Monitoring the heat
Sensors have an important function in any engine.
On modern fuel-injected engines, where everything is controlled by an on-board computer, a host of sensors continuously feeds information to the control unit, much like our own senses of sight, touch, smell, taste and hearing continuously supply information to our brains.
Today, we focus on a sensor that has been fitted to cars for more than 60 years, namely the coolant temperature sensor, or temperature-sender unit as it used to be called.
Formerly, its purpose was to send information about the temperature of the engine coolant to the temperature gauge on the dashboard where it could be monitored by the driver. Nowadays, it still does that, but also sends information to the engine's electronic brain to be processed together with all the other inputs.
Newer engines have several temperature sensors. The humble temperature-sender unit is usually screwed into the cylinder head, close to the thermostat housing. It protrudes into a coolant passage and is thus in contact with the circulating coolant at the point where the latter is at its hottest, just as it leaves the engine to go to the radiator to be cooled. How does this sensor communicate with the temperature gauge on the dashboard and what makes the pointer on the gauge move across the dial to show changes in temperature?
Any conductor of electrical current changes its resistance to the flow of current when its temperature changes. An electromagnet, which in its most basic form is an iron bar with a coil of conducting wire around it, increases its magnetic force when the current flowing through the coil of wire increases.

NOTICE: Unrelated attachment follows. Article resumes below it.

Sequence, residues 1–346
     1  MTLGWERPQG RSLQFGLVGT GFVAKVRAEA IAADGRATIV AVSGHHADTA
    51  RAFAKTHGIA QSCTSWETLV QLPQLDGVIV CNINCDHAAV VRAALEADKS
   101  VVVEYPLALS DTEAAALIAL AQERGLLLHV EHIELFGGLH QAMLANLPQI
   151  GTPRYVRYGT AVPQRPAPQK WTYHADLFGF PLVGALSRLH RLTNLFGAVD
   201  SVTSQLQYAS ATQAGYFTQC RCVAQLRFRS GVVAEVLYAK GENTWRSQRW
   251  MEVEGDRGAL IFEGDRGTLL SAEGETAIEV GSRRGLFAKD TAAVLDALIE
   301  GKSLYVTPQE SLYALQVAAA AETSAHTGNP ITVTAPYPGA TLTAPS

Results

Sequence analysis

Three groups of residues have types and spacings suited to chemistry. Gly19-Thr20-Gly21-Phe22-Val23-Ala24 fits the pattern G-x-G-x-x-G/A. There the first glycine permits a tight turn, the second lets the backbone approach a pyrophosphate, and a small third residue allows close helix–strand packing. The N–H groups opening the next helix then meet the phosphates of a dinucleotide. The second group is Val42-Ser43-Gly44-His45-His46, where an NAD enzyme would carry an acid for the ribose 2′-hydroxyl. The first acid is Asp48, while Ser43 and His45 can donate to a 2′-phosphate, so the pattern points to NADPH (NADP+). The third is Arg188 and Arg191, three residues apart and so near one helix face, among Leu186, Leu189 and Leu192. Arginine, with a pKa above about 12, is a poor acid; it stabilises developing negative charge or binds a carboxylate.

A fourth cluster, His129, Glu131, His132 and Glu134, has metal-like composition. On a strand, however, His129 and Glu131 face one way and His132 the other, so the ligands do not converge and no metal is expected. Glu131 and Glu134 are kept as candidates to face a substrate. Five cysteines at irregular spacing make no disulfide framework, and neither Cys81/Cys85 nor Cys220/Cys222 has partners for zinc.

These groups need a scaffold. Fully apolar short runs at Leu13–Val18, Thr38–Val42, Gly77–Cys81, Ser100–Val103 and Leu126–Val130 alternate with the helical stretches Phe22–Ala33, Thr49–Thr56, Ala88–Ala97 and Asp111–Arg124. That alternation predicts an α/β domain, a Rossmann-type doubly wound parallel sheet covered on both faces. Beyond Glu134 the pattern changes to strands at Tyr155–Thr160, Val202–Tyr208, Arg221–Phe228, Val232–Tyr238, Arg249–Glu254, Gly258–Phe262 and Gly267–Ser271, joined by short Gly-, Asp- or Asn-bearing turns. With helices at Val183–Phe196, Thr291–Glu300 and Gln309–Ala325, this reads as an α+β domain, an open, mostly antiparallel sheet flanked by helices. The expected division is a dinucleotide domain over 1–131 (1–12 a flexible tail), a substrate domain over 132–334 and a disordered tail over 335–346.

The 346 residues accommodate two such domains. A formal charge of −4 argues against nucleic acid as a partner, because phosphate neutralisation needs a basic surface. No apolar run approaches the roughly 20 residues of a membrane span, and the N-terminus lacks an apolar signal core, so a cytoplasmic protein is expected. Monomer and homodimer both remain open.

It's not difficult to design a temperature sensor and the gauge to go with it. Inside the sensor you put a small pellet of a special material whose electrical resistance is very sensitive to temperature changes.
Some thermistors have a further useful property in that their resistance decreases with increasing temperature, exactly the opposite of what happens in ordinary copper wire. If the pellet inside the probe is this kind of thermistor and you send an electrical current through the pellet, the current will become stronger as the temperature of the pellet rises because higher temperature means lower electrical resistance in the pellet.
If the same current flows through the windings of a small electromagnet inside the temperature gauge, the magnetic pull exerted by the electromagnet will become stronger at the same time, because of the increasing current.
By placing the electromagnet in such a position that it can exert a pull on one end of a pivoting pointer, the other end of the pointer will move in an arc when the pull increases and the needle will move across the dial of the temperature gauge.
The well-known property of a bi-metal strip is that it will curl more as the temperature rises. It can be used in both the sensor and the dash gauge. When a bi-metal strip is used, you need an instrument-voltage stabiliser or the normal voltage fluctuations, occurring when loads are switched on and off, will give erratic readings.
When the temperature gauge stops working, the problem often lies in a faulty sensor or a loose wire to the sensor. Have an auto-electrician check the sensor and wiring before replacing the gauge.